Technology and the Global Economy with discussants John Seely Brown and William N. Joy. Moderated by James Fallows.
Some of the most inspired and provocative thinkers, writers, artists, business people, teachers and other leaders drawn from myriad fields and from across the country and around the world all gathered in a single place - to teach, speak, lead, question, and answer at the 2006 Aspen Ideas Festival. Throughout the week, they all interacted with an audience of thoughtful people who stepped back from their day-to-day routines to delve deeply into a world of ideas, thought, and discussion.
John Seely Brown
John Seely Brown, commonly referred to as “JSB,” is a visiting scholar and advisor to the provost at the University of Southern California and the independent co-chairman of the Deloitte Center for the Edge. Prior to that, he was the chief scientist of Xerox Corporation and director of its Palo Alto Research Center (PARC), a position he held for nearly two decades. While head of PARC, JSB expanded the role of corporate research to include such topics as the management of radical innovation, organizational learning, complex adaptive systems, and nanotechnologies. JSB is a member of the American Academy of Arts and Sciences (AAAS) and the National Academy of Education, a fellow of the American Association for Artificial Intelligence and of AAAS, and a trustee of the MacArthur Foundation. He serves on numerous public and private boards. He is the author of several books including, most recently, A New Culture of Learning with Douglas Thomas.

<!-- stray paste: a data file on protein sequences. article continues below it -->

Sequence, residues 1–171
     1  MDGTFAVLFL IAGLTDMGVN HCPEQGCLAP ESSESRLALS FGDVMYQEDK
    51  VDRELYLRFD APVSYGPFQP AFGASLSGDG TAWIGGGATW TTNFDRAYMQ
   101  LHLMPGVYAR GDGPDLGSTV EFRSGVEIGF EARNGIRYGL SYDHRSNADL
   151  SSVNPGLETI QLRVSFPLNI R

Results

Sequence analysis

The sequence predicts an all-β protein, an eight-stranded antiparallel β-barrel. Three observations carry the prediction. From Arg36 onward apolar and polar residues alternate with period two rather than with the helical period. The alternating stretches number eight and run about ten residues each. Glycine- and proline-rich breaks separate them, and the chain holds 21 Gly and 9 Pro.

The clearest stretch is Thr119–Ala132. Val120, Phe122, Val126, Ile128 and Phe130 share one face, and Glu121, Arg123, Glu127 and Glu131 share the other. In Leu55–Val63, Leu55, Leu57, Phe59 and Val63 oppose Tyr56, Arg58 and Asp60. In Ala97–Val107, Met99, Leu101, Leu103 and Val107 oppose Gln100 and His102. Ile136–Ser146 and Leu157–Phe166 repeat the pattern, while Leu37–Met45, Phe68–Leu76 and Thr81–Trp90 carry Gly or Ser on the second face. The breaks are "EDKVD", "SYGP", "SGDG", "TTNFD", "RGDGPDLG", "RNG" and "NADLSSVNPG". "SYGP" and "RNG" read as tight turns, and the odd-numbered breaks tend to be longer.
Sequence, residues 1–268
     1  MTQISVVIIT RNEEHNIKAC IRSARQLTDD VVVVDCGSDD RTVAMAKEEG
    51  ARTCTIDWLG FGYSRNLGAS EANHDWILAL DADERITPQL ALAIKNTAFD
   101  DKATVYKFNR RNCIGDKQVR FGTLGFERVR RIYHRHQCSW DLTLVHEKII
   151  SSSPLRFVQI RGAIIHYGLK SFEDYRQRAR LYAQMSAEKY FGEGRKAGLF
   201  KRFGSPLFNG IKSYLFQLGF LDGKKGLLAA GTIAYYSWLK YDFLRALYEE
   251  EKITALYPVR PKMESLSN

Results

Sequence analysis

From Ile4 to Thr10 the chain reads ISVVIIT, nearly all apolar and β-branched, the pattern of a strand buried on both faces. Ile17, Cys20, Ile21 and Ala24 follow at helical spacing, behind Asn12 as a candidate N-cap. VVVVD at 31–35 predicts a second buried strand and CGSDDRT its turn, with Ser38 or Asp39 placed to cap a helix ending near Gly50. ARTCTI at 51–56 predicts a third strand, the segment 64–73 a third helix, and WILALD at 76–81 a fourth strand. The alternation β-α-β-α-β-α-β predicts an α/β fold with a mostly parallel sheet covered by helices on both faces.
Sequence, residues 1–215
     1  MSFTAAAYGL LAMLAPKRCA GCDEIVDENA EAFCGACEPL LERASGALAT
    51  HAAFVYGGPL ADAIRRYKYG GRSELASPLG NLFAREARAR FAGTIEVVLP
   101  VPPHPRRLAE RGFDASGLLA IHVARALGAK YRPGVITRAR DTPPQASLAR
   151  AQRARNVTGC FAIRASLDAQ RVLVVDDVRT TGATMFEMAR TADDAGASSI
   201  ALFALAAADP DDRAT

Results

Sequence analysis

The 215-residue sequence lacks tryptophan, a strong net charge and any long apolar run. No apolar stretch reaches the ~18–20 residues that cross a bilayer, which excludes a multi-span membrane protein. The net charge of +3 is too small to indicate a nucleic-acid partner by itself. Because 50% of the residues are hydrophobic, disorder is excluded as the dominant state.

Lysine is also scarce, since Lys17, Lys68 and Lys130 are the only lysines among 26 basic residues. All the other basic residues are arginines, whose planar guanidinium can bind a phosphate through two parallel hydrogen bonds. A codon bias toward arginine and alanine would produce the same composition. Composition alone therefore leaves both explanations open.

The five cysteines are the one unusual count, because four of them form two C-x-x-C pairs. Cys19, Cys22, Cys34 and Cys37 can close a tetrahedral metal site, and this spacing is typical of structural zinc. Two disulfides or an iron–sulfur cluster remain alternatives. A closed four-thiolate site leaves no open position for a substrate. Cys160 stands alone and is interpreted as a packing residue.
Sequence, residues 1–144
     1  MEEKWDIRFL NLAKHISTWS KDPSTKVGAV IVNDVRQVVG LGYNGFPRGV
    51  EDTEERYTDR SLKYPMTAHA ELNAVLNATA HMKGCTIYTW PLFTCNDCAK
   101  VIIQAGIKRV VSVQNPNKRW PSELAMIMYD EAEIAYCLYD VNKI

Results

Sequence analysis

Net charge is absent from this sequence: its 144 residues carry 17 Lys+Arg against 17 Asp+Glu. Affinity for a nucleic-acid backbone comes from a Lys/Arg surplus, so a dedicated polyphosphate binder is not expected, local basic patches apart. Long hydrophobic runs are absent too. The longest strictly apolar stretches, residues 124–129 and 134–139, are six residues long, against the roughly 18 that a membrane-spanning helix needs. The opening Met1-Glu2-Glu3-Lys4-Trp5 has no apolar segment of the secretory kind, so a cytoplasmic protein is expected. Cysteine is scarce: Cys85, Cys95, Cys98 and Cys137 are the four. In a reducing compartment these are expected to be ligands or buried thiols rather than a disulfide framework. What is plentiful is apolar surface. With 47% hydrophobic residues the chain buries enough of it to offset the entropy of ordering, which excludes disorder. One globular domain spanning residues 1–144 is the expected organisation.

James Fallows is a national correspondent for The Atlantic and has written for the magazine since the late 1970s. He has reported extensively from outside the United States and once worked as President Carter's chief speechwriter. His latest book is China Airborne.
Bill Joy joined KPCB in 2005 as a Partner in KPCB's Greentech Practice. He helped develop KPCB's strategy for addressing the twin problems of climate change and sustainability. Joy was previously a founder and Chief Scientist of Sun Microsystems.
Before co-founding Sun, Joy designed and wrote Berkeley UNIX, the first open source operating system with built-in TCP/IP. In 1995 he installed the world's first citywide WiFi network in Colorado. His many contributions were recognized in a FORTUNE cover story that called him the "Edison of the Internet."